Urinary Tract Infections (or “UTIs”) are bacterial infections that most commonly affect the urethra or the bladder. These infections can also occur further up the urinary tract in the ureters or the kidneys. While both men and women can be affected, UTIs are much more common in women. Most women will experience one, and often more than one UTI in their lifetime.
Symptoms can include:
Some women are plagued with recurring UTIs. These women can be considered high risk for a number of reasons. First we must address how these infections occur. 90% of UTIs are caused by Escherichia Coli (E. coli), a bacteria that is found in the lower digestive tract. When bacteria get into the urinary tract and multiply, an infection will often occur. Women in general are more at risk for this due to basic anatomy. The distance between the urethra and the anus is short, allowing for easy entry. Women also have shorter urethras than men (an average of four centimeters vs. twelve), which allows bacteria an easier journey up into the bladder. Some women’s anatomies make them more prone to this than others. Sexual activity is the number one way bacteria find its way into the urethra. Women who are sexually active are at a higher risk for developing UTIs. Other women are more frequently compromised due to: the use of diaphragms and spermicidal agents, menopause, not drinking enough fluids, a suppressed immune system, catheter use, and urinary tract surgeries or examinations.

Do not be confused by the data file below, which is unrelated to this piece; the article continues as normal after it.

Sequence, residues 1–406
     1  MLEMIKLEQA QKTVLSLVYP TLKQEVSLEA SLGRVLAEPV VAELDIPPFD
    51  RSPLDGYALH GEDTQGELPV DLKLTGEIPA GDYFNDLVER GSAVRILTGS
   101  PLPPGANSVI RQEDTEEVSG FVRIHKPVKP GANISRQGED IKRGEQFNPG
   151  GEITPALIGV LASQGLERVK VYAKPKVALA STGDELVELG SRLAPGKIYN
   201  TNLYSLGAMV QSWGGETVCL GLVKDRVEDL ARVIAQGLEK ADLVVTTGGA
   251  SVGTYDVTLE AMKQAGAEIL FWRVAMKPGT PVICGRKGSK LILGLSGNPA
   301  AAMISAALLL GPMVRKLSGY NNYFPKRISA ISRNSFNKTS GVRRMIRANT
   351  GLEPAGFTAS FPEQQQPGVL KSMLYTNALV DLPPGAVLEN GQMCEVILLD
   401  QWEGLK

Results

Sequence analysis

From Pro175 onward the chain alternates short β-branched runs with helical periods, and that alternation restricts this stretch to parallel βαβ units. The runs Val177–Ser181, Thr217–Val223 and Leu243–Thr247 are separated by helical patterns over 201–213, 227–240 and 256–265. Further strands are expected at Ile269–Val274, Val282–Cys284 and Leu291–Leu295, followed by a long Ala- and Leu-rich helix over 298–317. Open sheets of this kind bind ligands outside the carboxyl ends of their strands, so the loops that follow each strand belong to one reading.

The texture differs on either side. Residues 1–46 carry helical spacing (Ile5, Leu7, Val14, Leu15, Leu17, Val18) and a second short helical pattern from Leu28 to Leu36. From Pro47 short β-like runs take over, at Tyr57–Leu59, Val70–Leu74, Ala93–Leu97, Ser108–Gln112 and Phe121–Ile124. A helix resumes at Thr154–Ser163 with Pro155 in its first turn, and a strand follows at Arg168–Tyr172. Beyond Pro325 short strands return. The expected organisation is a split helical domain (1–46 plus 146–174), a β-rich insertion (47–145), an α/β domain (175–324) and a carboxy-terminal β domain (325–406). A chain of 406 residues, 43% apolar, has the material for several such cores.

UTIs are often treated with antibiotics. If left untreated, UTIs can ascend to the kidneys and become a larger problem. If you are pregnant, a UTI can be very dangerous to both you are your baby. It is suggested that if you are a pregnant women experiencing any symptoms related to a UTI, to contact your doctor immediately. With proper early detection and treatment, a UTI will not do you or your baby any harm. However what about non-pregnant women who experience frequent, painful UTIs? These women are often treated with repeated rounds of antibiotics, which lead to their own nasty side effects such as digestive distress, yeast infections, and a weakened immune system.
The key to this cyclic problem of frequent UTIs and repeated antibiotic use is both prevention and very early intervention. This is where acupuncture and Chinese medicine comes in. Acupuncture works as an immune modulator, boosting the immune system to fight against attacking pathogens. The insertion of needles in the lower abdomen near the bladder dilate blood vessels to promote blood flow, and trigger white blood cell and other immune substance activity to help fight off local bacteria. Acupuncture also aids to promote urination and alleviate the pain and discomfort associated with these infections. Herbal medicine can also be a helpful addition to the treatment plan. Some Chinese herbs act as natural antibiotics, diuretics and painkillers to both prevent, and quicken the recovery of UTIs.
- Marcy Julius, L.Ac.